by Mike Barrett, Natural Society: More wildlife are experiencing strange reproductive abnormalities, but why? In a study released last year, the U.S. Geological Survey and U.S. Fish and Wildlife Service (USFW) tested male smallmouth and largemouth bass from 19 National Wildlife Refuges. The researchers found that 85% of the smallmouth bass “had signs of female reproductive parts.” Of the largemouth bass, 27% were intersex. What could be causing this?
Luke Iwanowicz, a USGS research biologist and lead author of the paper, says:
“It is not clear what the specific cause of intersex is in these fish. This study was designed to identify locations that may warrant further investigation. Chemical analyses of fish or water samples at collection sites were not conducted, so we cannot attribute the observation of intersex to specific, known estrogenic endocrine—disrupting chemicals.”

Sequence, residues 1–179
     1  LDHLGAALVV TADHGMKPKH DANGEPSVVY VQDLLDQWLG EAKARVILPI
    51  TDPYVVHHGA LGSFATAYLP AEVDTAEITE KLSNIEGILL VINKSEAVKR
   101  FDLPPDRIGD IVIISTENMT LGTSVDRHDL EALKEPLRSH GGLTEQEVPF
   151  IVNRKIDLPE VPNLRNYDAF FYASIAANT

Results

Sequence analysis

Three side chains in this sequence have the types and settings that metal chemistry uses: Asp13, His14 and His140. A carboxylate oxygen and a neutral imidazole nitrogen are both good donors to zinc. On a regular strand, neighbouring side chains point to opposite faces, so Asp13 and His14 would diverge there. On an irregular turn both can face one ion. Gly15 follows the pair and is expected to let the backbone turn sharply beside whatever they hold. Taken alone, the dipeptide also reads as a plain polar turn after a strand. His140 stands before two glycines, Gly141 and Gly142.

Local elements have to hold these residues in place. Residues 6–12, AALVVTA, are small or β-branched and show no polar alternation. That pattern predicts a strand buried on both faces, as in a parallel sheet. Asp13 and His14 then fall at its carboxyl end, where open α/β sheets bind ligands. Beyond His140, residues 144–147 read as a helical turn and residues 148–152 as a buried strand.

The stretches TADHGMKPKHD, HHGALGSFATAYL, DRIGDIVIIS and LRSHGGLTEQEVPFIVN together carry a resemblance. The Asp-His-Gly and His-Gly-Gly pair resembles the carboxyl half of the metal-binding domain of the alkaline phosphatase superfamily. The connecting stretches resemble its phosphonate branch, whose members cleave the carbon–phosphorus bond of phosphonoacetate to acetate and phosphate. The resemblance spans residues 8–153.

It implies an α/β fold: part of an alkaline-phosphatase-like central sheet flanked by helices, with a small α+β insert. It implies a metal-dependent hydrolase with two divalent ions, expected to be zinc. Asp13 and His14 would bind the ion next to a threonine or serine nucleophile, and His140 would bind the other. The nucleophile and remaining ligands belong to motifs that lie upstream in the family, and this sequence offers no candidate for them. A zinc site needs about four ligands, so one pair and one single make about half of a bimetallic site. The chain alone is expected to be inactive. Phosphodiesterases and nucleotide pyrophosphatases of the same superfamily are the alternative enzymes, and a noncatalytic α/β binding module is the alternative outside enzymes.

Referencing an older study also examining examining Intersex occurrence in freshwater fishes in the U.S. between 1995 and 2004, Fred Pinkney, a USFWS contaminants biologist and study coauthor, said:
“The results of this new study show the extent of endocrine disrupting chemicals on refuge lands using bass as an indicator for exposures that may affect fish and other aquatic species. To help address this issue, the U.S. Fish and Wildlife Service encourages management actions that reduce runoff into streams, ponds and lakes — both on and off of refuge lands.”
As Pinkney mentioned, chemical runoff could be a real issue here. There are a number of chemicals and contaminants that could be contributing to these reproductive problems, including: